Sound cards creates a bridge from the live
performance of an instrument to your digital recording system. As such it's a
very important component of your overall recording environment.
have a sound card included with your PC then you should seriously consider
replacing that with one designed specifically for use in recording applications
- since the bundled PC cards fail to come close to even CD standards of signal
to noise ratio.
This article covers 7 key factors you must know about
selecting an audio interface card if you want to avoid throwing your money down
Computer Sound Cards
If you do need to use the PC sound
card, at least to start, here's what to look out for.
Many PC cards come
with line level miniature jack connectors for use to connect to computer
speakers or to an external amplifier.
There may be a separate headphone
socket, or you may be expected to use the same output for either speakers or
Typically, you'll find 3 types of input:
This is designed for use with computer microphones.
Don't use it with a recording microphone. This may be a surprise to you. The
reason is that your precious sound may become rather distorted - because most
recording mics are not matched to the input specification of a computer sound
* Joystick or MIDI port
With an adapter you can hook
up a keyboard or other MIDI device to it
* Line input
this input can be used for recording, at least with some suitable sources.
o it will generally not be compatible with recording microphones of any kind, or
low level outputs from instruments (Guitar and Bass), or any instrument
amplifier speaker outputs.
o it can however be used with anything
that has a line level output (Keyboard line output, instrument amp line outputs
(Guitar, Bass) CD player outputs etc. To use this, you'll probably need an
adapter to convert your 1/4" connectors to fit the 1/8" sockets.
as you can afford it, buy a professional sound card. You'll get much better
quality recordings as a result.
Professional Sound Cards
when you are researching which sound card is suitable for your needs, ask
yourself about the kind of use you'll put it to:
What will you use it
1. The overall number of inputs you will need for recording?
Will you record with any microphones? If yes, consider whether you also need a
3. What is the maximum budget you are willing to spend for that
What Technical Specifications Matter most to you?
Sound card specs are typically summarized in terms of:
* sample rate
* interface or connection type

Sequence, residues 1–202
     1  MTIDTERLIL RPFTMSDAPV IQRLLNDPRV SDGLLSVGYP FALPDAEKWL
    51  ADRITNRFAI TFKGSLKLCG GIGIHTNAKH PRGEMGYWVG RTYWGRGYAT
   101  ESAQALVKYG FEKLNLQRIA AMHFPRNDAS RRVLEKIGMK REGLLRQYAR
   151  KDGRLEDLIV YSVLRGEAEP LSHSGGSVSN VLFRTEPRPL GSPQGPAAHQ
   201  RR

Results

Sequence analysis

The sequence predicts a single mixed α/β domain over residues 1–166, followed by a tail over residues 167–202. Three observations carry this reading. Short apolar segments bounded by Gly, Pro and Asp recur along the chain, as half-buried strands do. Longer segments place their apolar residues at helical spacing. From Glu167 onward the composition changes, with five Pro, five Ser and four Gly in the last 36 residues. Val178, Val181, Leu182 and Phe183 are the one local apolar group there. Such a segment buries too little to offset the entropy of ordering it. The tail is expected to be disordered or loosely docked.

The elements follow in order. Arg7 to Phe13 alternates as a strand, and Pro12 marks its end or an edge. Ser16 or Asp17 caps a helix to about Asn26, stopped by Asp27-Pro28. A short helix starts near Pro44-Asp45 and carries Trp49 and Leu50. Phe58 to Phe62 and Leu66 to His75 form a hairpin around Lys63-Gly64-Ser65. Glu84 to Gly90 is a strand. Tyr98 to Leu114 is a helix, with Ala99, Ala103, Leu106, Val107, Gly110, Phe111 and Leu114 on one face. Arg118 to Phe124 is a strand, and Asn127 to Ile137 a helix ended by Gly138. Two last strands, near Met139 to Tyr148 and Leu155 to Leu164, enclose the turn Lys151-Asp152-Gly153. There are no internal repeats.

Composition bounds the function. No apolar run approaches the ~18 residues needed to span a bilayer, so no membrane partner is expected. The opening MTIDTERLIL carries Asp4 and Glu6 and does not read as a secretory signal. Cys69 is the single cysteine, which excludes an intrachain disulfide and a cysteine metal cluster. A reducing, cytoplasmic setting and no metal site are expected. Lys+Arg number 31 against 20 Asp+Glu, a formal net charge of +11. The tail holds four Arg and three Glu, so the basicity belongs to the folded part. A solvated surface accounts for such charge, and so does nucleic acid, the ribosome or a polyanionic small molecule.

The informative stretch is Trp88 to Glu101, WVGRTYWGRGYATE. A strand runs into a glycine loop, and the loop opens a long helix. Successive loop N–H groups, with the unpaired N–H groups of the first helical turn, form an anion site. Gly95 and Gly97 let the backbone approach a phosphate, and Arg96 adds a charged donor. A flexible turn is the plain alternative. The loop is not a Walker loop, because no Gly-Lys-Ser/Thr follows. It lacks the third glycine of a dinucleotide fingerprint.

1. Sample Rate
* if your sound card is rate locked at 48 kHz, and you
want to record at 44.1 kHz (standard sampling rate for music CD's) the soundcard
has to perform 2 conversions - on both input and on output before the sound
reaches your ears.
* On each conversion, there is a loss of quality of
the sound. Also, these additional steps can cause recording problems with tracks
sounding out of time.
Avoid rate-locked sound cards
* Professional sound cards don't become out-dated as fast as
their consumer equivalents.
* So you must consider your likely future
plans for recording, and take account of this in you buying decisions.
Think in terms of a five year equipment life time.
3. Quality balance
with other critical components
* No point in spending a large amount
on a top-end sound card, yet skimping in other areas such as monitors, mics or
recording software. You won't get professional sound quality that way, and you
won't be able to tell the difference!
* Marrying a high end sound card
with low end recording gear will prevent you from realizing its potential by
producing an inferior quality signal.
Aim for consistency of quality
through out the components you select for your recording studio.
an "Audio Interface" suite your needs better?
Software developers like
Digidesign and Steinberg offer audio interfaces that are becoming the preferred
option among musicians instead of a standard soundcard. So what's the
* Audio Interfaces have what's called a breakout box,
hardware separate from the computer but attached to it via a PCI slot or
o Major benefit - you don't have to crawl
around under the desk to reach the connectors!
* An audio interface
contains a variety of connectors to handle multiple connections from
microphones, instruments, and mixers of monitor system.
* Some audio
Interfaces also feature balanced inputs, meaning you don't have to get that XLR
to 1/8" Jack adapter to plug into your sound card, which will never produce as
clean of a recording. You can just plug it in normally into the audio interface.
* Audio Interfaces will usually also include a microphone preamp and phantom
power (required for Condenser Microphones)
So - to create the
cleanest recording environment, go for an audio interface, with balanced
1. Make sure the sample rate spec is adequate
for the output media you plan to use; avoid rate-locked products.
your investment by selecting professional products rather than the consumer
3. Keep component choices in balance throughout the overall
4. Consider audio interfaces for the benefit of easier
connectivity, and additional functionality.
About the Author
For more great
sound card tips, click the link. Still wasting hard-earned cash buying the
wrong gear? Ken's website
Home Music Recording is a gold-mine of practical help on building or
operating your recording studio. Ken helps people make better choices of gear
for your music style and budget.